It was very disheartening to read about Mr. Falwell’s comments- the way he chose language that grouped all Muslims together and spoke of killing with swagger and the celebration of the crowd. I can only imagine the discomfort it must have caused you. I can’t speak for the church in any official capacity, but as one of her members I want to apologize for the remarks; and I ask for your forgiveness for the fear it must have created for you.
As a follower of Christ (as understood within the Great Tradition), I’m anxious to point out that Falwell’s remarks seem more an expression of the individualism of secular American Civil religion, than they do of the Christian gospel. I don’t mean to imply any sense of superiority in saying that. I constantly feel the same tug of … let’s call it Americanism, and have secretly harbored the same compromised sentiments. He just said out loud what I’ve sometimes felt in my heart towards others. Usually it involves the ‘idiot’ in the car beside me. Truth be told, I’ve said it out loud a time or two, also.
But there is a difference in two becoming lost while struggling towards a shared destination, and disagreeing about the actual destination. It’s disagreement about that metaphorical destination that is the issue- both between the church and my Christian brother, Mr. Falwell. I suspect between you and me, too.
What is God (i.e. ultimate reality) like, and so what does it mean to be truly human; and so what does human flourishing look like? The story that is the Christian gospel answers these questions in a very specific way, and being baptized into that story determines (or ought to determine) my interaction with everyone- friends, enemies, woman, believers and non-believers etc.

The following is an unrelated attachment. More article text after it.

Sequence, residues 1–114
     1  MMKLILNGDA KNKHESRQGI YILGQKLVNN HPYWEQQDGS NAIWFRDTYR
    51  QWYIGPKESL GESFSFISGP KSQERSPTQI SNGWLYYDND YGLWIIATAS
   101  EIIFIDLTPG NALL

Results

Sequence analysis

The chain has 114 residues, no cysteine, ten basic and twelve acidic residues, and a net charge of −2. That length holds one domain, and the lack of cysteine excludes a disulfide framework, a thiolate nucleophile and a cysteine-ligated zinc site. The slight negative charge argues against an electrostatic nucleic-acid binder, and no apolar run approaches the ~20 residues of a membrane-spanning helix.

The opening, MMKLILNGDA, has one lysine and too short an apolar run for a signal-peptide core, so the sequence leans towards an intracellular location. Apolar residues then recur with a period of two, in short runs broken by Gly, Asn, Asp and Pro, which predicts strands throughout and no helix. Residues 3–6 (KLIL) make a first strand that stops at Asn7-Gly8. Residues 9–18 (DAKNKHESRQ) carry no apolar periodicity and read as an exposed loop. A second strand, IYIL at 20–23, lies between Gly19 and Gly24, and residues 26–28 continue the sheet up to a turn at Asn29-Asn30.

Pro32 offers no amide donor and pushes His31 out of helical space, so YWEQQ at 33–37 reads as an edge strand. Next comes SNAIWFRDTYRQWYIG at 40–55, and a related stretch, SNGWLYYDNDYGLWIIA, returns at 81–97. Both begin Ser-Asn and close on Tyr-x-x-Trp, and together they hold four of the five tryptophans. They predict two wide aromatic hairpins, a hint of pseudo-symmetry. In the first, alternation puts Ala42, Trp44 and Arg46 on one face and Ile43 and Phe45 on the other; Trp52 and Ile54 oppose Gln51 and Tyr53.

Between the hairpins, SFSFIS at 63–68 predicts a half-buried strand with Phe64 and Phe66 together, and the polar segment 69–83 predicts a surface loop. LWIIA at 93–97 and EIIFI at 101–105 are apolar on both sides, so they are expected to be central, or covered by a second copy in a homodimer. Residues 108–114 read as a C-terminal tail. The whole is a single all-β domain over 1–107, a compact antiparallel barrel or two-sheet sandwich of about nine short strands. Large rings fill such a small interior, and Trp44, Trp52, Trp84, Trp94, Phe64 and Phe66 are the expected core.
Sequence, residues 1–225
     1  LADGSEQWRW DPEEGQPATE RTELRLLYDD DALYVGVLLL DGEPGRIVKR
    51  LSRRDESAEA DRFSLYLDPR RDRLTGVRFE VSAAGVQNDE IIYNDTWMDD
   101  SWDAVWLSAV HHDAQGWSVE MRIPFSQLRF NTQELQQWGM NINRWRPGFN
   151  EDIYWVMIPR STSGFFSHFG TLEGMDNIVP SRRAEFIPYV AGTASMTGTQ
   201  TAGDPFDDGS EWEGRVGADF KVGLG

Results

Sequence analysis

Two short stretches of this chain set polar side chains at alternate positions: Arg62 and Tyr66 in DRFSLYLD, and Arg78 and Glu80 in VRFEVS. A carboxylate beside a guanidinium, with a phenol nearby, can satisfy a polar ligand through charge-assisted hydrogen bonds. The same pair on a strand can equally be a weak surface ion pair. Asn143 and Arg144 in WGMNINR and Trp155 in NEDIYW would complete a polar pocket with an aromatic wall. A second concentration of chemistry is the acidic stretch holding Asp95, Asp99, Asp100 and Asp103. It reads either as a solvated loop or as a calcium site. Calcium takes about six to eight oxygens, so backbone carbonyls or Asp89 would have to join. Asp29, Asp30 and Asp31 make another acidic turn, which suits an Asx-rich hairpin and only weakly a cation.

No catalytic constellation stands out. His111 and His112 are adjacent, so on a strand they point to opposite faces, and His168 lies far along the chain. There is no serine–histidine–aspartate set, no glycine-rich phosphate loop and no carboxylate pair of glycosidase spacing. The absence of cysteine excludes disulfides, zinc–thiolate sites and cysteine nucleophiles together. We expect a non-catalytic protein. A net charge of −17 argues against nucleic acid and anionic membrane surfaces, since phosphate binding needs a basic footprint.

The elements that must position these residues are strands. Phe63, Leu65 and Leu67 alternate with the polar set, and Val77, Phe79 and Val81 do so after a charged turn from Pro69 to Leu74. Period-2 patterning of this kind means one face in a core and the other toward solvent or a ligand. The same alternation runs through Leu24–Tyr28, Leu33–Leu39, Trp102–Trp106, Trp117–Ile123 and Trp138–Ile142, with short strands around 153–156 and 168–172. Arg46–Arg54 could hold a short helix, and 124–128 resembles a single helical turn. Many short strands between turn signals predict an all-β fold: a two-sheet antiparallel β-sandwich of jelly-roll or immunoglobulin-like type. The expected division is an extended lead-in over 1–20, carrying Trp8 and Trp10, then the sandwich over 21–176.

Pastor Carlyle Marney once explained ‘If somebody asks me what a quarter horse is, I describe Buck. He’s the greatest of the breed I ever saw…. He’s up there on my place. So when anybody asks me what a quarter horse is like, I say ‘He’s like Buck.’ If anybody asks me what’s a man like…. I don’t describe Napoleon, that poor little sick fellow. Or Hitler. Or even Winston Churchill, much as I thought he was… I describe Jesus Christ. That’s what a man’s like.’
When I wonder what God is truly like; I look to Jesus because I believe he was GOD made man. Likewise, when I ask what it means to be truly human, I look to Jesus who was God made MAN; and when I look to Jesus, the central defining act of both true God and perfect Man was his purposefully dying at the hands of his enemies for their own sake, and he was clear that the continuing Christian vocation is to take up our own crosses and follow his example.
I realize that this is a pretty unbelievable upside down spin on things. The current holiday season is as good as any at making that clear: God leaving the unimaginable glory of heaven as seen up on a hill by some shepherds so that he could reveal his greatest glory down the road by being placed in a manger and dependently feeding at a woman’s breast. God in a diaper. Foolishness, really. I get that; and I understand that part of what makes you Muslim is a rejection of the idea as expressed in the Christian doctrine of both the Incarnation and Crucifixion. In answering the question of God, man and human flourishing you look elsewhere- as does the average practitioner of Americanism, regardless of the flavor of ‘religious’ frosting that they spread over top. Thankfully, the practical outworking of the various answers to these questions often overlap. But not always, as Mr. Falwell’s remarks illustrate.